Pi (π) Boötis   (Σ 1864)  (H III 8)          HIP: 71762    SAO: 101139
RA: 14h 40.7m   Dec: +16° 25′
Magnitudes   AB:  4.9, 5.8    AC: 4.9,10.6
Separation    AB:  5.4″          AC: 127″
Position Angles    AB: 111°  (WDS 2010)      AC: 163°   (WDS 2009)
Distance: 317 Light Years
Stellar Classification: B9, A6

And now, if Blârgörkh hasn’t eaten it, we’ll head for the highlight of this tour.

Zeta (ζ) Boötis is located at the joint of the Hunter’s eastern knee, and Pi (π) is just a short two and half degrees north of it.  Easy as pie  …..  or a piece of cake  …..  depending on what you’re having with tea after this tour.

. . . this gleaming white pair of stars with a whisper of gold in the primary . . . (Click to enlarge)

. . . this gleaming white pair of stars with a whisper of gold in the primary . . . (Click to enlarge)

Now this one IS a pair of headlights coming at you on a dark highway, especially if you’re using four or more inches of aperture.  I don’t know where it’s been all my life, but if someone had introduced me to this gleaming white pair of stars with a whisper of gold in the primary a few decades ago, I would have become engaged on the spot.  They really are an attention grabber.  At the other extreme, the faint 10.6 magnitude “C” companion is easy to overlook — although at a respectable distance of just over two arc minutes, it’s visible in a 60mm scope with a bit of averted vision under dark skies.

But the A-B pair is a very attractive sight in a 60mm scope as well, which is what Haas was using when she described them as a “showcase pair . . . split by a hair at 35x.”  My experience was the same, in both a 60mm f/15 at 46x and a 60mm f/16.7 at 50x.  The beauty of the 60mm aperture is that it forces you to look closely to see the split.  And if you do, what you’ll see are two very sharp, very well defined gleaming white stars that are so close together they couldn’t be any closer and still be separate.  And that kind of split in a 60mm scope ranks right at the top of the many optical delights I’ve experienced.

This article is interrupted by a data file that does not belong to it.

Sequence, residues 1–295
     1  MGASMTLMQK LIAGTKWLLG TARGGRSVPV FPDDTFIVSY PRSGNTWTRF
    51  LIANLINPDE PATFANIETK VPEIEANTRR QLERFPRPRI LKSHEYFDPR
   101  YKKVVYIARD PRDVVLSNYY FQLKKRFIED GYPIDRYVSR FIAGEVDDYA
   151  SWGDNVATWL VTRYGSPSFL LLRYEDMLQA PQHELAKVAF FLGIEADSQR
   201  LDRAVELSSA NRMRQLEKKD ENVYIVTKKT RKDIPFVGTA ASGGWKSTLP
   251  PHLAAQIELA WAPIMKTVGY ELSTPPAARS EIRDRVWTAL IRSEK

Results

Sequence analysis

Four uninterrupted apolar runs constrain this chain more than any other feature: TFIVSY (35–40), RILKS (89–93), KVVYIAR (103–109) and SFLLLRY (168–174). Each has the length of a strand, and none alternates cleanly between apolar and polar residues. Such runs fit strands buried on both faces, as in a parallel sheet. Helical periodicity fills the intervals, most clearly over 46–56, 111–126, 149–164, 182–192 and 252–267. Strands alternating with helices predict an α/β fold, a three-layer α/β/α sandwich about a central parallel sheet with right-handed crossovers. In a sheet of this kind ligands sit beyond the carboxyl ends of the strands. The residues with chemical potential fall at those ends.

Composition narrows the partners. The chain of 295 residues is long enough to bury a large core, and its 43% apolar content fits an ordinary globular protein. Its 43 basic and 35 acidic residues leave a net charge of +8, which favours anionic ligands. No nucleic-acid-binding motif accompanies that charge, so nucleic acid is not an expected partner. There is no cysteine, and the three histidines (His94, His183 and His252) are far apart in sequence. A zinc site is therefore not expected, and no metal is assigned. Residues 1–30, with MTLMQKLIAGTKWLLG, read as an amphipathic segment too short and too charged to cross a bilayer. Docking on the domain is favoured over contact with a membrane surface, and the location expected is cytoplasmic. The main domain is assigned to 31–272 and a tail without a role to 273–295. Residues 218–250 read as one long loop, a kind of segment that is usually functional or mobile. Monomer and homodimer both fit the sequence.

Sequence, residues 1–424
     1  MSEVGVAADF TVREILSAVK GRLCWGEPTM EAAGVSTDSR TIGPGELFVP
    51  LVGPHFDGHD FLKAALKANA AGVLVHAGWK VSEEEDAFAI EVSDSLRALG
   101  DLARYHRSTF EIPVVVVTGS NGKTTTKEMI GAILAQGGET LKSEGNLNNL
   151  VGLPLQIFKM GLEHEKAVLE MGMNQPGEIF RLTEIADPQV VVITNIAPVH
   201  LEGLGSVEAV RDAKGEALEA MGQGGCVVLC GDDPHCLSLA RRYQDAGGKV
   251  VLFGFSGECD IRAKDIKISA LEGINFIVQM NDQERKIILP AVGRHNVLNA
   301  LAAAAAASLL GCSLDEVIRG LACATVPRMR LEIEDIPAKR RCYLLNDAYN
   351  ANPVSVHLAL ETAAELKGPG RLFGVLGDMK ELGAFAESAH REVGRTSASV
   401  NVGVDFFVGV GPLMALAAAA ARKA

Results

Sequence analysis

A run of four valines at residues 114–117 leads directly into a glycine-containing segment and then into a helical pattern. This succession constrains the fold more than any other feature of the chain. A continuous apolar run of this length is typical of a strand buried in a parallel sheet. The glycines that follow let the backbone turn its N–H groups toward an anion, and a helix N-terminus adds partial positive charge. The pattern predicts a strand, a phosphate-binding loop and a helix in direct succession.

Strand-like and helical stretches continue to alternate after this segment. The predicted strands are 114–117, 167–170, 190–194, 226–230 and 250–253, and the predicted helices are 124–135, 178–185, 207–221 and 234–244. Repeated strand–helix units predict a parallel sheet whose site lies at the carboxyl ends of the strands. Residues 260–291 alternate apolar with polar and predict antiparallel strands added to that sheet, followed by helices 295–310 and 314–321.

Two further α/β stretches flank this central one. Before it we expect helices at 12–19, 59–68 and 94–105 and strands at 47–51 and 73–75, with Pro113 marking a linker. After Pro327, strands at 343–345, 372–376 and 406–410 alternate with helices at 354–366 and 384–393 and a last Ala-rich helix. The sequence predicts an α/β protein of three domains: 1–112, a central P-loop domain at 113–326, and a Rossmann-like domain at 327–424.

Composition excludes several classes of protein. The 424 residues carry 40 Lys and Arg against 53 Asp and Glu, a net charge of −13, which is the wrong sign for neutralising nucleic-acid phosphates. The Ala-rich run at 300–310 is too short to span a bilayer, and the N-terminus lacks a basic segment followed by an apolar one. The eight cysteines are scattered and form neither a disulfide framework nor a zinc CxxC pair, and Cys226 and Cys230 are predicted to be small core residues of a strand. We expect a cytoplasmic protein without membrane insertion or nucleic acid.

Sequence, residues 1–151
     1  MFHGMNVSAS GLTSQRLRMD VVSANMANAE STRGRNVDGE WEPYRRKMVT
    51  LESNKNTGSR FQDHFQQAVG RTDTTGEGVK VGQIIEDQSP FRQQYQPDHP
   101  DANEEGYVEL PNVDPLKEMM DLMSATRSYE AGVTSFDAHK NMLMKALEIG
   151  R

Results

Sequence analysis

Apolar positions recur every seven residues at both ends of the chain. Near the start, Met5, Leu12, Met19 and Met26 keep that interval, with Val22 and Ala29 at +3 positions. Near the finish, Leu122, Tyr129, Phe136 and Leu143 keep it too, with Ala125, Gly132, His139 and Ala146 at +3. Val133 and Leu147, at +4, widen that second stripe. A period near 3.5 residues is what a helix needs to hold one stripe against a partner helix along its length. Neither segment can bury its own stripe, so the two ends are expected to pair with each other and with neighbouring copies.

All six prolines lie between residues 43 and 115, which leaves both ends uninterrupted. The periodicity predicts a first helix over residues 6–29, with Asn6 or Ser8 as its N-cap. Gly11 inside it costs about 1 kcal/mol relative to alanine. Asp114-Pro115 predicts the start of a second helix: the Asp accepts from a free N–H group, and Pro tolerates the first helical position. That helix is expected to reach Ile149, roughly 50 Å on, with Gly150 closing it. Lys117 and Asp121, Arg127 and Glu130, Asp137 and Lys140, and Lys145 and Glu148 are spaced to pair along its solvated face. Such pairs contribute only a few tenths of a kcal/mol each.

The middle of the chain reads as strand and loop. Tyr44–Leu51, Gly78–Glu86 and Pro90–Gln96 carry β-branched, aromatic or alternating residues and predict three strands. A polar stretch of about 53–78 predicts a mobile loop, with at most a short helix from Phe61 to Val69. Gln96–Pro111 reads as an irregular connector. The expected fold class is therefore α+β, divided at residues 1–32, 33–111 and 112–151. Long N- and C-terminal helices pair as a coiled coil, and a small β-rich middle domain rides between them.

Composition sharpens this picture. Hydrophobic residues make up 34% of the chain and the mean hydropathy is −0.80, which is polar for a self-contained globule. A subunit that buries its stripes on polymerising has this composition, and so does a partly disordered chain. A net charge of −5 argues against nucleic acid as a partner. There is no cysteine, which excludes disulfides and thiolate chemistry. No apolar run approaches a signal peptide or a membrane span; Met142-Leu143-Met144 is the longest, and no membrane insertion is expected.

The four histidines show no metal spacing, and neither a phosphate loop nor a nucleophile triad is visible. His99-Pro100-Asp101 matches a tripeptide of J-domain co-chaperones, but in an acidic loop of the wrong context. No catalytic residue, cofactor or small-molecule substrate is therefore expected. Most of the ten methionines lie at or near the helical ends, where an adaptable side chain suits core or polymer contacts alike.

Now if you had been splitting stars with the Herschels two hundred years ago, you might not have seen it that way.  Jim Kaler writes that these two stars were about two seconds of arc further apart when William Herschel first observed them back in those pre-headlight days.   But even then, they must have been a blinding sight in that huge reflector.  (Click on the photo that comes up at the top of that page and you’ll get a much better view of the scope).

I’ll be returning to Pi (π) every time I have a clear sky this summer — in fact, I’ve already been back back to it a couple of times since the night I made the sketch.  The brilliant white light escaping from these two white suns just begs to be captured in the circular confines of a telescope tube.

Next time out — wide wonders and perilously close points of light in the northern reaches of Boötes!

……….  and since that ravenous Arcturian, Blârgörkh, left a piece of pie (π), I’ll go grab it while he’s practicing his Greek.

May your skies be clear and strewn with doubles of delight!  😎

(WDS data updated 7/16/2013)